The National Writers Series presents Grandmother Power, a conversation with photojournalist Paola Gianturco, Saturday, September 17 at the Milliken Auditorium. Included in the evening is a photo exhibit of Gianturco’s work and a 6 p.m. event reception with complimentary wine, beverages and appetizers for all ticket holders and Museum Members.

Gianturco has been interviewed on the Oprah Winfrey Show, CNN, NPR, Voice of America, and spoke in a 2014 TED talk in Dubai. Her photos have been exhibited around the world, including Traverse City in 2010-11. Her new photos will be displayed at the Dennos Museum.

For tickets, call 231.995.1573 or go to National Writers Series Friends and Museum Members get $5 off!


The Power to Change Lives Begins with Wisdom

“Grandmothers look around at our troubled world and are so horrified that it is inevitable that they are motivated to make the world better for their grandchildren.”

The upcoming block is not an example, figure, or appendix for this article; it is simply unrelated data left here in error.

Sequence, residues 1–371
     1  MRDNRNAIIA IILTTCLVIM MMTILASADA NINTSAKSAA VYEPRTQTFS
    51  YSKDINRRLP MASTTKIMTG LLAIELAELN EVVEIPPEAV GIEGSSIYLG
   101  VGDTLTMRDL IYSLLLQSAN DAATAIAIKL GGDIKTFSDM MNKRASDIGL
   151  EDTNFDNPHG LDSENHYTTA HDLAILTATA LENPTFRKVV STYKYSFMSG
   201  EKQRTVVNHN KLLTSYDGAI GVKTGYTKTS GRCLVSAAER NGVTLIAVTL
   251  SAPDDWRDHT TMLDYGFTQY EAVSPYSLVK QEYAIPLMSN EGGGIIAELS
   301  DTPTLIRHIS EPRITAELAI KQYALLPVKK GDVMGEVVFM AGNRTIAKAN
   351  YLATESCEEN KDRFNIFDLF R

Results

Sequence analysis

At the age of 55, Paola Gianturco took a break from a lucrative career with the world’s largest ad agency to interview and photograph women in developing countries. Her original plan was to take off just one year, but her journey stretched into 55 countries, 22 years and the publication of bestselling photo books.

Grandmother Power, her latest, captures the tales of activist grandmothers making the world a more hopeful place. There are grandmas in India mastering solar engineering in order to light up remote villages. Grandmas in Argentina putting books into children’s hands. And a grandmother group in Guatemala running a hotline and parenting classes.

Gianturco said that growing up during World War II and learning of Hitler’s attempt to annihilate the Jews imbued her with a deep sense of social justice. Now at age 77, Gianturco has turned her attention to a powerful generation of grandmas—younger, healthier and willing to create change. “Today’s grandmother has nothing to do with that little old lady sitting in the rocking chair,” she said.

Gianturco talked recently with Anne Stanton of the National Writers Series about her work:

Your five photo books all explore social justice themes. Which is your favorite?

It’s always my most recent book. The whole sequence of the last 20 years has been an effort to get better every single time, to write more evocatively, to take better photographs, to dare to take on subjects that I shied away from early on.

Shy away from? How so?